General Motors: 'Peak Auto' Nonsense Is A Chance To Buy Cheap

| About: General Motors (GM)

Summary

GM shares are extremely cheap.

It typically pays off to buy stocks like GM when fears are running high about a recession and "peak auto".

Record auto sales could continue for years since interest rates and fuel prices remain very low, and the job market in the U.S. continues to improve.

GM is trading for just about 5 times earnings and it offers a yield that competes with high yield bonds.

There is a lot of fear in this market and most stocks are down significantly in the past few weeks. Some investors and analysts are talking about another 2008-style financial crisis and that is causing a rush into gold and other perceived safe havens like bonds. I think this is a mistake and it makes much more sense to take advantage of the big pullback in the auto stocks. If you buy stocks after a significant market correction and when there is extreme fear, you are likely to be getting some bargains.

Just take a look at the CNN Money "Fear & Greed" Index which is based on a number of factors. The index takes all this data which then produces a reading between 1 (fear) to 100 (greed). This index has a current reading of 18 out of 100 which indicates "extreme fear". This level of fear is historically indicative of a market bottom or a potential buying opportunity. It usually never pays to sell stocks when there is this level of pessimism and fear in the market. Needless to say, all of this negative sentiment and fears over a potential recession has taken a toll on General Motors (NYSE:GM):

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Take a look at the chart above and you can see that this stock is now near the levels where it bottomed out in the "Flash Crash" last August. That was a great buying opportunity as it quickly rebounded to around $39 per share. Many investors wonder why shares of auto giants like Ford (NYSE:F) and General Motors are trading at pathetically low price to earnings ratios of about 5, and I think it could (partially) be because this industry might have a highly capable new player in the future. If Tesla (NASDAQ:TSLA) can achieve what it has with its relatively meager resources, just imagine what Apple (NASDAQ:AAPL) can do to this industry. Just to put things into perspective: Tesla has a market cap of about $25 billion, and Apple just earned a profit of $18 billion in a single quarter. The potential for Apple to enter the car market is something to consider, but I would not let it keep me out of General Motors, especially with the yield it offers.

Auto sales in the U.S. have reached record levels lately, and the auto market in Europe is finally starting to rebound. There are some believers in "peak auto" right now which suggests that things are so good, they can never get better for the automakers. I don't agree with this and I believe that the record level of sales could continue for at least a few years. Interest rates remain extremely low (and in some countries rates are going even lower), fuel prices are also very low, and the job market in the U.S. continues to improve. These 3 major trends don't appear to be going away any time soon, so all of these factors could support auto sales for years to come. Besides, remember when there were many who believed in "peak oil"? That was the idea that we had found all the oil there was to easily find, and therefore reached a peak for oil reserves, and we all know how false that turned out to be.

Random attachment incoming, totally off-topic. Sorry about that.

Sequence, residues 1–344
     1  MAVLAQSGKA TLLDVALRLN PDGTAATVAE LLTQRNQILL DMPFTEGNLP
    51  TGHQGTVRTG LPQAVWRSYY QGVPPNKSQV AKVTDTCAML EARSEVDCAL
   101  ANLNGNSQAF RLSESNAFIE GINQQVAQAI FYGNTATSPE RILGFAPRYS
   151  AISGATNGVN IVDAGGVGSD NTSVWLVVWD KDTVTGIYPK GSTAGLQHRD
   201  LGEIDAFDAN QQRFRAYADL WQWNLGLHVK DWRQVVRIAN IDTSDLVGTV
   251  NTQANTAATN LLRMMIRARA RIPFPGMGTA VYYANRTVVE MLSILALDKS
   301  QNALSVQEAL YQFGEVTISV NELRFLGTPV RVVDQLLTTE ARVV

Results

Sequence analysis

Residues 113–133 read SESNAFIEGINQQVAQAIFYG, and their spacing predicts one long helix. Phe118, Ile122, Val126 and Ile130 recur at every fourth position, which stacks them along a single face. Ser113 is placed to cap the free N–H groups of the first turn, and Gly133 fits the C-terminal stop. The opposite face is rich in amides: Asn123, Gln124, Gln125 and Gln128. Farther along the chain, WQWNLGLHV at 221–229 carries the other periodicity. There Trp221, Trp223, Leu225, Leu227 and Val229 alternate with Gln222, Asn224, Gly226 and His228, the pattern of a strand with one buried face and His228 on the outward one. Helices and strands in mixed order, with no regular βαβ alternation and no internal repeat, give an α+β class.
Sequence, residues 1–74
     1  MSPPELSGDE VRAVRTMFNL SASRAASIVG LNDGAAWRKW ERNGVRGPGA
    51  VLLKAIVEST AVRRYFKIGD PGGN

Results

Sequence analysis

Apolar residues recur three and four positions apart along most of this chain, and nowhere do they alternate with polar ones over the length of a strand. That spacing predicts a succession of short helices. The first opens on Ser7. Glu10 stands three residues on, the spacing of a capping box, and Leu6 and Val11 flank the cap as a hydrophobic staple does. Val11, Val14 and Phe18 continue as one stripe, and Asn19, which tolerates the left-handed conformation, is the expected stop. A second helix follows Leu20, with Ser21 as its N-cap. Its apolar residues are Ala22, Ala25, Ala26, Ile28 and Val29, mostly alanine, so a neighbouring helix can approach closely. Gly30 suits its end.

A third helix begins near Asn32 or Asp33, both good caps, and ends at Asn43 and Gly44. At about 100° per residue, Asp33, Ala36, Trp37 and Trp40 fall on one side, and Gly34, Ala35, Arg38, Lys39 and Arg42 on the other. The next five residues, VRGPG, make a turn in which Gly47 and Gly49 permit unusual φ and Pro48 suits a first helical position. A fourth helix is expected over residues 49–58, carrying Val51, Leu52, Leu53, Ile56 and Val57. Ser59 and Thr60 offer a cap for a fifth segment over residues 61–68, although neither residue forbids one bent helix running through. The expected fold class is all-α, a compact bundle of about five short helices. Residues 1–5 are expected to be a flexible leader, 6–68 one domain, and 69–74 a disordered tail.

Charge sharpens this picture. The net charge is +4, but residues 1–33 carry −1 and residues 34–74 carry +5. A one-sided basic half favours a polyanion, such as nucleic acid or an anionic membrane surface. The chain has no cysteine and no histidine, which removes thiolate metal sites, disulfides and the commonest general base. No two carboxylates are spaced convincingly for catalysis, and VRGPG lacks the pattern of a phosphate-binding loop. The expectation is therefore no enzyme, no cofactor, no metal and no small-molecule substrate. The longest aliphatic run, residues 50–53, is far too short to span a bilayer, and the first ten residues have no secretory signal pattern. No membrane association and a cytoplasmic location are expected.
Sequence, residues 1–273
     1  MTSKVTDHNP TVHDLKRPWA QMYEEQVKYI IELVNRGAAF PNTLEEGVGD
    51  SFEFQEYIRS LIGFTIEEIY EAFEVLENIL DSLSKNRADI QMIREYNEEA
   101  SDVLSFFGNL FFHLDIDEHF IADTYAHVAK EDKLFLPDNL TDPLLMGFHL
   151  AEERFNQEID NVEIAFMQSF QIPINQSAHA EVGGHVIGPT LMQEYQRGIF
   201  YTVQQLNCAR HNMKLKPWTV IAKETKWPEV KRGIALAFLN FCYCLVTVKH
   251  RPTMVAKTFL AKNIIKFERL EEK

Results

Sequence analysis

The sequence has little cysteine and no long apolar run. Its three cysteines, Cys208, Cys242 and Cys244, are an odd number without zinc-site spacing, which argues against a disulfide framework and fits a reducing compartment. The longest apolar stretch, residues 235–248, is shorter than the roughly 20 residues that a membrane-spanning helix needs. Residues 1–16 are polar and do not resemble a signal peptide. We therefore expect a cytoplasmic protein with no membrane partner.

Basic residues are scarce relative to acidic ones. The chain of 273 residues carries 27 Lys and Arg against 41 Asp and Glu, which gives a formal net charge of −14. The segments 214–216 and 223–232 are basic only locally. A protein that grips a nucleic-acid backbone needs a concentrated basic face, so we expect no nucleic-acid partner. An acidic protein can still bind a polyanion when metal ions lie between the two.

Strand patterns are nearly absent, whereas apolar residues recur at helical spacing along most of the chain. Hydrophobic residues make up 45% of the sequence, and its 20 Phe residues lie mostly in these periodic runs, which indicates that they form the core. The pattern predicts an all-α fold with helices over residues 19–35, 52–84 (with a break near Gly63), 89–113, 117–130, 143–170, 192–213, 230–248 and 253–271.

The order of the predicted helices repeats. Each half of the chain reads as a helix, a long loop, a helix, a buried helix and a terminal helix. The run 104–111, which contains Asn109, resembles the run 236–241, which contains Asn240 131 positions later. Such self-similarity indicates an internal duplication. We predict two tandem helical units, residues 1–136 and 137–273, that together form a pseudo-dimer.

Analysts expect GM to earn $5.51 per share in 2016, and $5.80 in 2017. This implies a price to earnings ratio of just about 5 times earnings. This is extremely cheap and analysts are expecting higher profits for next year, which also does not confirm a "peak auto" theory. The dividend is another huge positive: An annual dividend of $1.52 per share offers a yield of about 5.5%. This is an extremely generous yield, especially when compared to bonds (even high-yield) and GM could continue to raise the dividend in the future since the payout ratio is just around 30%. GM has a strong balance sheet with about $20 billion in cash, and that also gives it the financial strength for more dividend increases. That level of cash is equivalent to about $13, on a per share basis. GM has about $63 billion in debt, but when you consider the cash and also the fact that it generates about $154 billion in annual revenues, the debt level is relatively low.

It did not take the markets a long time to realize that GM shares did not belong at around $27 during the August flash crash lows, and I don't think it will take long this time either. Many macro factors remain extremely supportive for the auto industry and the 5.5% yield will pay investors to wait for a rebound. For all of these reasons, GM is one of my top large cap picks to buy in this market correction. If you want to read about one of my top small cap picks to buy in this pullback, check out Supervalu (NYSE:SVU), which is a $4 bargain at just about 6 times earnings. I wrote about Supervalu in this article. Please follow me for future updates and stock picks.

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Disclosure: I am/we are long GM, F, AAPL, SVU.

I wrote this article myself, and it expresses my own opinions. I am not receiving compensation for it (other than from Seeking Alpha). I have no business relationship with any company whose stock is mentioned in this article.